(Updates prices, adds Goldman call on Fed)
* Dollar index off its Monday peak ahead of Fed meeting
* Markets expect Fed to raise rates twice in 2017
* Euro, yen both steadier so far in December
* Graphic: World FX rates in 2016 tmsnrt.rs/2egbfVh
By Patrick Graham
LONDON, Dec 14 (Reuters) - The dollar inched down on Wednesday in the run-in to the Federal Reserve’s policy statement later in the day, with an almost 1 percent fall this week showing minimal expectations the Fed will ramp up its forecasts for future rises in interest rates.
The Fed is seen as all but certain to raise its main rate by a quarter point to 0.50-0.75 percent. It will be Chair Janet Yellen’s tone, and new forecasts for future rates, that will drive the market response.
Talk among traders this week has focused on the risks of policymakers expressing concern at the dollar’s gains or alternatively ramping up the predicted pace of future rate hikes in response to President-elect Donald Trump’s spending plans.
The dollar was just over 0.1 percent down against a basket of currencies in midday trade in Europe. The euro inched up to $1.0645 and the yen rose 0.2 percent to 114.93 to the dollar.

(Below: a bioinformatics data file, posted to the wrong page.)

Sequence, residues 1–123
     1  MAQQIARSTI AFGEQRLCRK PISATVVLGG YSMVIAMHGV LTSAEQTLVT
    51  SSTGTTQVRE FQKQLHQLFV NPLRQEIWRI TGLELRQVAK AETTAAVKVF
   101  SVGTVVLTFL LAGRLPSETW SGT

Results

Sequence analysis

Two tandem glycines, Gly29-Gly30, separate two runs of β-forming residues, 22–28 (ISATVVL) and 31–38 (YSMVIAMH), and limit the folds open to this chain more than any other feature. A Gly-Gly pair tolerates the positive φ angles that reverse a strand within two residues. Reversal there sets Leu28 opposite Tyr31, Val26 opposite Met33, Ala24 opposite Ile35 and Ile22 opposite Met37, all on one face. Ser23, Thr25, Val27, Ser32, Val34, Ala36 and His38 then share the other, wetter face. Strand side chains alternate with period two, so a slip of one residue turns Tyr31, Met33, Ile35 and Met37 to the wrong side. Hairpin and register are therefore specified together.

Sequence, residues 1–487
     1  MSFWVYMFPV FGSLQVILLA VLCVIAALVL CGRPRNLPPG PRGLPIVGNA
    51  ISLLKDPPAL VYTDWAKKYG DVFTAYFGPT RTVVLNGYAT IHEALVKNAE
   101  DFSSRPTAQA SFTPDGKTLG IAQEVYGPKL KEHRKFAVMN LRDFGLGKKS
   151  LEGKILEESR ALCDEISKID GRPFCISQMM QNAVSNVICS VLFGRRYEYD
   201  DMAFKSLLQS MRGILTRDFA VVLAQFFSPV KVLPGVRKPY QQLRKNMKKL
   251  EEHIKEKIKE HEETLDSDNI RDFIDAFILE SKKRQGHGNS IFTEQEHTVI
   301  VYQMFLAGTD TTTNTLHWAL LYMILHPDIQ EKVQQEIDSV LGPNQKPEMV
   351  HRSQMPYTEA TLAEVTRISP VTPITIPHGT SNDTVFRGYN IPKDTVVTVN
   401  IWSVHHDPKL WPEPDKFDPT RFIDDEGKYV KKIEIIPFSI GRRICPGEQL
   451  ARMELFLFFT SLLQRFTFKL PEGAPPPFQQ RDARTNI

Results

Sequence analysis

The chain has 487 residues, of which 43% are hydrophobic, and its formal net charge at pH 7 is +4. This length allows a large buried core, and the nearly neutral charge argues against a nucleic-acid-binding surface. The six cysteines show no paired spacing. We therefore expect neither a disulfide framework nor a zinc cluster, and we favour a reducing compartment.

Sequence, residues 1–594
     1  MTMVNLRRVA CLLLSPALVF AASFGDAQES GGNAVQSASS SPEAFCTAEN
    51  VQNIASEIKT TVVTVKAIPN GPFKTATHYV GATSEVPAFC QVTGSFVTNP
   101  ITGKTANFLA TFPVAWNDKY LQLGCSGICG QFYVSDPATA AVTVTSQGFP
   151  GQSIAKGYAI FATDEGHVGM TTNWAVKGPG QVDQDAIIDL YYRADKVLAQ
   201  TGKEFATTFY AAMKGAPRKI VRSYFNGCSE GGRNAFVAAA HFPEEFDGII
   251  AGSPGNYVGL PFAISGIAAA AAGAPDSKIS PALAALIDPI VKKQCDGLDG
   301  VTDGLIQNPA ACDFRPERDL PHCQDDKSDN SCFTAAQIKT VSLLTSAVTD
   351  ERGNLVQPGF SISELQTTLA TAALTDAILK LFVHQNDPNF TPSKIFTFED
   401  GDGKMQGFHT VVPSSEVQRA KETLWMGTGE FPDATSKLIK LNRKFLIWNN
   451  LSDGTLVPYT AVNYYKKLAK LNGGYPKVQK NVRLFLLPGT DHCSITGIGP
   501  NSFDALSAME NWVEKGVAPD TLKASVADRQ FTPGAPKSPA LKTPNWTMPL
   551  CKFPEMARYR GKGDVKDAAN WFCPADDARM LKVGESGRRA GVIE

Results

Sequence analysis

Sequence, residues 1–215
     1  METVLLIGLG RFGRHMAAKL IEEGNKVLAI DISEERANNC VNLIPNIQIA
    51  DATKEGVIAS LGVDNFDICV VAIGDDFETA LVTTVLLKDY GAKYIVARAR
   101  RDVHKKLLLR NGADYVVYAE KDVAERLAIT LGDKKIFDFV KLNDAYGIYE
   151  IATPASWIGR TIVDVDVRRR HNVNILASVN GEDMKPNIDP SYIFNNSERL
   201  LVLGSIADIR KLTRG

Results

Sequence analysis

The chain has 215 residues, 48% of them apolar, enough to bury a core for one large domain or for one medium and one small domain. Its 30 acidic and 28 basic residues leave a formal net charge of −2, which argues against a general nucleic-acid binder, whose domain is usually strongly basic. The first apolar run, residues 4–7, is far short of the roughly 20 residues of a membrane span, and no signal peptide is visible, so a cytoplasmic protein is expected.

“Last year’s template was for dollar long positions to be pared into the (rate rise) event,” said Jeremy Stretch, head of currency strategy with CIBC in London.
“This time it has been slower but overall I think we are seeing some lightening of positions. If you have been riding the dollar rally, it makes sense to take some money off the table and come back once the dust has settled.”
The major investment banks are mainly upbeat on the dollar’s prospects for next year after a bullish month following Trump’s election. Higher inflation expectations have encouraged more bullish forecasts for U.S. rates next year, and Fed policymakers may play into that by raising their own predictions.
But the pullback this week points to doubts on any push past parity with the euro. Investors also seem more nervous about further weakening the market’s safe haven of choice, the yen, given a raft of political risks to global growth next year.
“Medium to long-term dollar strength is likely but it must not happen too quickly,” analysts from Germany’s Commerzbank said in a note to clients. “Euro-dollar parity over the next couple of months for example would be too much.”
Goldman Sachs strategists called for the dollar to rise after the decision
“For us as dollar bulls, it is not whether the Fed hikes or not at a given meeting that matters, but rather what kind of overall hiking cycle it communicates,” they said in a note.
“Given that some kind of fiscal stimulus is likely, we think market pricing should be somewhere between two and three hikes for next year, not between (currently priced) one and two.” (Editing by Mark Trevelyan)